The question is basically in the title.

My naive thought was that when a commutation relation holds for all field operators $\Psi(\vec{x})$ (by "all" I mean "at all positions $\vec{x}$") on a fixed time-slice, then it should automatically also apply to the spatial derivatives of those field operators, $\partial_{\vec{x}} \Psi$.

My reasoning to that is that a derivative is the limit of the difference of two operators at two proximate positions. Since for the spatial derivatives, all operators in question lie in the same time-slice, they all commute / anticommute, and hence their difference should do so as well.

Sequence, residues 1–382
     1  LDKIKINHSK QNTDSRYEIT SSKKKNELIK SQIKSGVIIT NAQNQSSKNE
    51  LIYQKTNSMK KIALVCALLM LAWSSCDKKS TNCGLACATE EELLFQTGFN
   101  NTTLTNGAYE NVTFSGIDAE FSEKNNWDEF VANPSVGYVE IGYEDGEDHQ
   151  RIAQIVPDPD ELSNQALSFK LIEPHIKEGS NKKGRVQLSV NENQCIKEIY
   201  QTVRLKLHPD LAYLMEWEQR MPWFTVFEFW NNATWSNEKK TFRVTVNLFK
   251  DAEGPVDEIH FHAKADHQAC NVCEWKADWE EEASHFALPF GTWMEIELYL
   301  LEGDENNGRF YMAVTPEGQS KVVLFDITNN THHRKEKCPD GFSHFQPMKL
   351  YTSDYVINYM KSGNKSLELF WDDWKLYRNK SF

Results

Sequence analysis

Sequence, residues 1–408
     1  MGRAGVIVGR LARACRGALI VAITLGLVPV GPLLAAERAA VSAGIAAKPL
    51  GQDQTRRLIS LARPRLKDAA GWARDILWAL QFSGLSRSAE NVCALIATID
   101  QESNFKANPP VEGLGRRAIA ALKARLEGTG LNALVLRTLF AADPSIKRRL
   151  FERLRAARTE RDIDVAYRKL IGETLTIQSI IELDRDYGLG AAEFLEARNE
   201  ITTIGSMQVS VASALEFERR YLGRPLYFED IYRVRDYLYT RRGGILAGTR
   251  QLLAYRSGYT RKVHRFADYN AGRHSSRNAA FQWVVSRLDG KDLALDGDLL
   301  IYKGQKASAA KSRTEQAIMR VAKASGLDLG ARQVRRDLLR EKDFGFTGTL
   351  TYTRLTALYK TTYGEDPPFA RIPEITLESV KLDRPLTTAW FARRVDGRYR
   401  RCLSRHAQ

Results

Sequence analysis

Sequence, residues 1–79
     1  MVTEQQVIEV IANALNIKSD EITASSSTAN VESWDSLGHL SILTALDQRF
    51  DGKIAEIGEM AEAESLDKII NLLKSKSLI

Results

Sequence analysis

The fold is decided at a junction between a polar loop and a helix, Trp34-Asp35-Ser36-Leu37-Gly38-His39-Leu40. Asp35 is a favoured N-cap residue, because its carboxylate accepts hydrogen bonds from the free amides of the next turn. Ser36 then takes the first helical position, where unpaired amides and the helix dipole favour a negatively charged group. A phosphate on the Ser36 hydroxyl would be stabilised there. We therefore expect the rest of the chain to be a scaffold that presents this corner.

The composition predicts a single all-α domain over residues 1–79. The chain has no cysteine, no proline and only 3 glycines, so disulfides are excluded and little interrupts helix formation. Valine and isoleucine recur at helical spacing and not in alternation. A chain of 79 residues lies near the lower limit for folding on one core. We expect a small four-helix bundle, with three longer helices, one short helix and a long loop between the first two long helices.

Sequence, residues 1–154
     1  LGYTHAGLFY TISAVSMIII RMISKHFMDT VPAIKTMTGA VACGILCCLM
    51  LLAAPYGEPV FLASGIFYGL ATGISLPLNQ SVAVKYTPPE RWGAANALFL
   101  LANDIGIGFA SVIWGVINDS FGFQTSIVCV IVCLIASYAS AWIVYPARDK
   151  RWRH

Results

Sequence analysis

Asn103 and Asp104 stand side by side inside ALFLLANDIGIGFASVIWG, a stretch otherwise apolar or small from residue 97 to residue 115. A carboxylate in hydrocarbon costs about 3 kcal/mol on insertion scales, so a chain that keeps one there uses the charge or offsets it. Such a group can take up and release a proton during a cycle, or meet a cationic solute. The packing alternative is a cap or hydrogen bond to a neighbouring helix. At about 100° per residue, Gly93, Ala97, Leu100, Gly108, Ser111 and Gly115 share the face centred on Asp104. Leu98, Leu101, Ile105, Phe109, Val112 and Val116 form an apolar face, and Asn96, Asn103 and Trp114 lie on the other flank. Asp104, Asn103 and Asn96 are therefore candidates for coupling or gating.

Is that true, or are there some issues with infinities that I didn't take into account here?

EDIT: I'm talking about commutators/ anticommutators like $$ \{ \Psi_a(\vec{x}), \partial_i \Psi_b(\vec{x}')\} $$ as well as $$ \{\partial_i \Psi_a(\vec{x}), \partial_j \Psi_b(\vec{x}')\} $$ I would assume both of them to still be $0$.


Yes, in quantum field theory a equal-time (super)commutator relation, say, $$[\hat{\phi}({\bf x},t),\hat{\pi}({\bf y},t)]=i\hbar \hat{\bf 1}~\delta^3({\bf x}\!-\!{\bf y}),$$ can be differentiated on both sides wrt. spatial derivatives.


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